Rescuers found remains of one of the six workers who were missing in a chemical plant explosion Sunday in Jilin City, northeast China's Jilin Province. The other five workers remain missing, sources with China National Petroleum Corporation (CNPC) Jilin Petrochemical Company said Monday. Local residents and students of two colleges neighboring upon the chemical plant have returned to their places of residence from an emergency evacuation conducted shortly after the explosions.
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An official from Jilin Chemical Industry College, one of the two affected colleges in the accident, said classes would resume on Monday afternoon.
The blasts took place at about 1:45 p.m. Sunday with a workshop in the No. 101 Chemical Plant under the CNPC Jilin Petrochemical Company based in Jilin City, some 100 km east to Changchun, the provincial capital.
The fire caused by chemicals jam and improper treatment to the problem was extinguished around 4 a.m. Monday. No toxic gas was detected in the air of the affected district, according to corporate sources.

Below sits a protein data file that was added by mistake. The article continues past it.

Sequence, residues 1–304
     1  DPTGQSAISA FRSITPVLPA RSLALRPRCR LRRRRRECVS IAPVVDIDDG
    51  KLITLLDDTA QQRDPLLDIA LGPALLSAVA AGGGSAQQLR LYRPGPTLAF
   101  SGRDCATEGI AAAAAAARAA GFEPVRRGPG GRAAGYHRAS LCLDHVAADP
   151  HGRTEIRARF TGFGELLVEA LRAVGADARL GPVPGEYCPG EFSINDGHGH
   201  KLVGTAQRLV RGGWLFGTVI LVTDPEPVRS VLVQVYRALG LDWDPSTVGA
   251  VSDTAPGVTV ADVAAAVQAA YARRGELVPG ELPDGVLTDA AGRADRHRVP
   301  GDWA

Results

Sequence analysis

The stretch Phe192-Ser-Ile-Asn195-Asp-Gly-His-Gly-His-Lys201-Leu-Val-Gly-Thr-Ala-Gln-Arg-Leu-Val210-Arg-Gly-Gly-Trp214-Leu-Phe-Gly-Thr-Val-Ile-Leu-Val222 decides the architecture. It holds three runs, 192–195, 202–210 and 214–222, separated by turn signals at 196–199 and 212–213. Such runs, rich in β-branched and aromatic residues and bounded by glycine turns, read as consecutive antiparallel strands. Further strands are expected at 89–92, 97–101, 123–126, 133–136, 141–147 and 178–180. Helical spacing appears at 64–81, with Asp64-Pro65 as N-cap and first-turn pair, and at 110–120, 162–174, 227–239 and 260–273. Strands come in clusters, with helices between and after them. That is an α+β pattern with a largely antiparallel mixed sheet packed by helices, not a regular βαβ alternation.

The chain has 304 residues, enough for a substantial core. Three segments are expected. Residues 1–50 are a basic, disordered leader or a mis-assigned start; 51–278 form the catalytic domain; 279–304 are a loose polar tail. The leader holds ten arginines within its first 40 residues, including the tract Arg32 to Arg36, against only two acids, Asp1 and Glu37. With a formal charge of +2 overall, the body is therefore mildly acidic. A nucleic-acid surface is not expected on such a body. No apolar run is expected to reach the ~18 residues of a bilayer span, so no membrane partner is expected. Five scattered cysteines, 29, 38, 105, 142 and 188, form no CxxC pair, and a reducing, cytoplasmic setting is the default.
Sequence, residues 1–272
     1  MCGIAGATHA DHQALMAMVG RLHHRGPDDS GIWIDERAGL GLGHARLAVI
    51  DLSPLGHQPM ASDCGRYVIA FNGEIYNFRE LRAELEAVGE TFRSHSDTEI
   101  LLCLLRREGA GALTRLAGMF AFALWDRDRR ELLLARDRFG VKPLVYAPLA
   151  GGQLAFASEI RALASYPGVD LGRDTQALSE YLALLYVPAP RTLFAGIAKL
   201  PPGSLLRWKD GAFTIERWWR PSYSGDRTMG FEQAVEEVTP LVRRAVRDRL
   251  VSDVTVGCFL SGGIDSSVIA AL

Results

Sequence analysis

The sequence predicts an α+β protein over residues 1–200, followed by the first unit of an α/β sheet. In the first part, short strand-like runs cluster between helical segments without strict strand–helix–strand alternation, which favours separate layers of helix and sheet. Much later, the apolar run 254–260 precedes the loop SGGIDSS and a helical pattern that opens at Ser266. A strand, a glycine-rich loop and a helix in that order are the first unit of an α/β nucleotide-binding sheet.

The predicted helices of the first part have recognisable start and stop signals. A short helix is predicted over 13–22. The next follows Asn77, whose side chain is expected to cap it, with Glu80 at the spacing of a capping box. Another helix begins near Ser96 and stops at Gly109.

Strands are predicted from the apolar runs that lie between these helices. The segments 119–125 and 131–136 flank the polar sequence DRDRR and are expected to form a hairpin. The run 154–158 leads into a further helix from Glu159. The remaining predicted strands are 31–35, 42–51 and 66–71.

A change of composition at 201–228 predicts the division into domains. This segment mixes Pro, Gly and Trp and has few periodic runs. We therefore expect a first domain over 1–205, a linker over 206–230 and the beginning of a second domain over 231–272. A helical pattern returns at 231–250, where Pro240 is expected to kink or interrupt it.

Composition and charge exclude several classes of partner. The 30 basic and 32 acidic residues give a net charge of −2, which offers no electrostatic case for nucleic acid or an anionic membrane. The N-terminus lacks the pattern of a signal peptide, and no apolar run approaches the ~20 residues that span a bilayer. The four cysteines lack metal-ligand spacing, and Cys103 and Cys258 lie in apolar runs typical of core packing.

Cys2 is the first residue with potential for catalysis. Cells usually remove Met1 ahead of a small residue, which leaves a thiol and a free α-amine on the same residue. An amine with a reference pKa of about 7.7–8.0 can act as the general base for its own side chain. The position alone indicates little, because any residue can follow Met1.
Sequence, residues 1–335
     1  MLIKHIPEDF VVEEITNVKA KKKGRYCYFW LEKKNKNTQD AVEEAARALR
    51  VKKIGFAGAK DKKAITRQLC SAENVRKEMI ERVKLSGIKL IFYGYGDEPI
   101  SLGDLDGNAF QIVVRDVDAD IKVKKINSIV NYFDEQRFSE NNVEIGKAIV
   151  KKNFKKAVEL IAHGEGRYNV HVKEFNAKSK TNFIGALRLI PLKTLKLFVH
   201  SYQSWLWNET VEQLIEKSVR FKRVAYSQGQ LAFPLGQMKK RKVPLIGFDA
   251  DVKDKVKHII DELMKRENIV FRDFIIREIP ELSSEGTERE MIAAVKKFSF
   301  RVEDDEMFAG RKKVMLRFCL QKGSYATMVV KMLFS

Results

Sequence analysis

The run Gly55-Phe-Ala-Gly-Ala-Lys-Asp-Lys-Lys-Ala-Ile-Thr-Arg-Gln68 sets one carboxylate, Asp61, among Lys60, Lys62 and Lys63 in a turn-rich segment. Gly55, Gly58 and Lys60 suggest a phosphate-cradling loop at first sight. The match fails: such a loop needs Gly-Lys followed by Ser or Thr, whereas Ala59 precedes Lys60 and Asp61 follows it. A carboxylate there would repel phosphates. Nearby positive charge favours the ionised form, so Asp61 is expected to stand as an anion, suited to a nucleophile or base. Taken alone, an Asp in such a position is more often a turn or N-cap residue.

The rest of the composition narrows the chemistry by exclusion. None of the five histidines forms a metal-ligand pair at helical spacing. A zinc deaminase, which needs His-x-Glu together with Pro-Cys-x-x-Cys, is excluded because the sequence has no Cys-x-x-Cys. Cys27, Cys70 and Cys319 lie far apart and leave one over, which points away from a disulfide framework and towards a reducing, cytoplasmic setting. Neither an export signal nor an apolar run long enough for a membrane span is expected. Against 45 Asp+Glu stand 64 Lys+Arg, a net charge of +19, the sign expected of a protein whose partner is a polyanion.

A working team, led by Wang Yilin, deputy general manager of CNPC Co. Ltd who is in charge of work safety, rushed to Jilin City to offer guidance in the rescue operation.
Witnesses say dozens of people have been hurt in a series of explosions at a chemical plant in northeastern China.
The official government news agency says the blasts Sunday afternoon occurred over a period of an hour. More than ten-thousand people who live nearby have been evacuated for fear of more explosions.
A spokesman at a local government office says only that "leaders" are directing rescue work at the plant.
A woman who answered the telephone at the Jilin Chemical Industry Co Hospital, operated by the main petroleum company, said about 40 to 50 people received treatment on Sunday. She hung up when asked for details.
At the Jilin Central Hospital, a doctor in the emergency department said "several people with minor injuries" were brought in.
They appeared to have been outside the plant and were injured by glass shards, said the doctor, who would not give his name. A man who answered the telephone at the No 101 plant and refused to give his name said he didn't know if any employees were in the facility at the time of the explosions, reports Xinxua. I.L.
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